Guest Post by Judah Cleveland. You can find her blog at http://olordofmyheart.wordpress.com/.
I took a creative writing class a while back that taught me a really important lesson. It wasn’t on the lesson plan, but I learned it nevertheless. I wrote a story I thought could have happened. My mom said she could imagine reading it on someone’s blog as a true story. Not only that, but I had studies and tons of sources to prove it could really have happened. It had to do with medical practices here in America that I thought caused more harm than good.
Unfortunately, the grader did not agree with me and thought my story was entirely unlikely. She even told me I shouldn’t write about things I don’t know about.
Of course, I was extremely offended, but my defense was simply, “It’s all true! It could all happen. I know lots of people with stories similar if not identical to this.” I even asked my teacher if I should cite my sources.
I totally did not get the concept of fiction.
Six months later, my mom and I were reading Madeleine L’Engle’s Walking on Water in which she quotes Aristotle: “With respect to the requirement of art, the probable impossible is always preferable to the improbable possible.”
And I realized that while my story may have been possible, totally, completely, absolutely possible to my readers it was hardly probable. Ithought it was probable, but they didn’t.
It doesn’t matter how factual and possible a story is, if it doesn’t seem probable, then the readers won’t like it.
And that does make sense, when you think about. If all readers cared about was a factual, possible story, then fantasy and sci-fi wouldn’t be nearly so popular. The majority of those stories aren’t possible at all. There’s no such place as Middle Earth. Hobbits do not exist. And Elvish is not a real language. (Did I just lose half my readers?) And yet we don’t care if they aren’t real. We still love the story.
What makes books like Lord of the Rings, Harry Potter, A Wrinkle in Time, and others so popular isn’t because everything that happens in them is possible, but that they’re probable. They seem like they could happen, even if they couldn’t.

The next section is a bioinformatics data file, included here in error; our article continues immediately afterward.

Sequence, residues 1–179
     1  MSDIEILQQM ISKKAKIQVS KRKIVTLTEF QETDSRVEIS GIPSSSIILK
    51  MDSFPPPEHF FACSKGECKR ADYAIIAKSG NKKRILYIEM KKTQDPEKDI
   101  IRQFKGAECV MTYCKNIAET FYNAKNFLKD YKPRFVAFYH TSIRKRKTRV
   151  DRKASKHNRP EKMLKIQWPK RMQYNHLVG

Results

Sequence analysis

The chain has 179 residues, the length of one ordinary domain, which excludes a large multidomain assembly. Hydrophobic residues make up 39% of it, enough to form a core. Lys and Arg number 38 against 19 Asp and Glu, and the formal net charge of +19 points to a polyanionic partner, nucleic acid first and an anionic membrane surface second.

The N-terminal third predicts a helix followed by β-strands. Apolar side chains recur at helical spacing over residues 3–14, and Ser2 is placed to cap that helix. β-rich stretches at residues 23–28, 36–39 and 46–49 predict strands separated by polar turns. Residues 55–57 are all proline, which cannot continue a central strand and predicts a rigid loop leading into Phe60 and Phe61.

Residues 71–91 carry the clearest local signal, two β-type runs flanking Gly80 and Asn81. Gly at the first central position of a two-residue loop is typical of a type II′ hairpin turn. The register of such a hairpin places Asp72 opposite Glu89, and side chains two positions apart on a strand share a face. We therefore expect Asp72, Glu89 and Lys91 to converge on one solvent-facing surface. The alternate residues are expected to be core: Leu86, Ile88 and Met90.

That is, in the end, the author’s great challenge: to make the unreal seem real and the impossible seem probable.
But where does it leave authors like me who are battling modern society’s failings?
It depends on your purpose. For me, my goal is to rewrite my story from before, leaving it completely factual, but writing it in such a way so my readers believe the story.
It’s all about getting your readers to believe the story, whether it’s something that doesn’t truly exist, or something most people don’t understand. This can happen in many different situations: from historical fiction dealing with commonly mistaken history to stories like mine where I’m taking on controversial subjects.
Of course, that’s one of the dangers of good writers. They can convince people by making ideas look probable, whether or not it’s true. That’s why several years ago my parents stopped reading the His Dark Materials series to me and my siblings. The author was simply too good. He was an atheist writing about God, and my parents were concerned about where he would take it, and if he continued to write so well, then would we find ourselves nodding along with the story?
It’s not that I don’t think Christians should read books written by non-Christians, but I do think they need to evaluate them as they read, understanding that the author’s job is to make the impossible seem probable, the untrue seem real. They need to realize what false ideas the authors could be presenting as true.
This is a lesson I’m still learning in my own writing. I encourage you to think for yourself on whether your writing is possible but improbable or probable but impossible.
Are there any places where you ran into a similar problem in your writing? Let us know in the comments!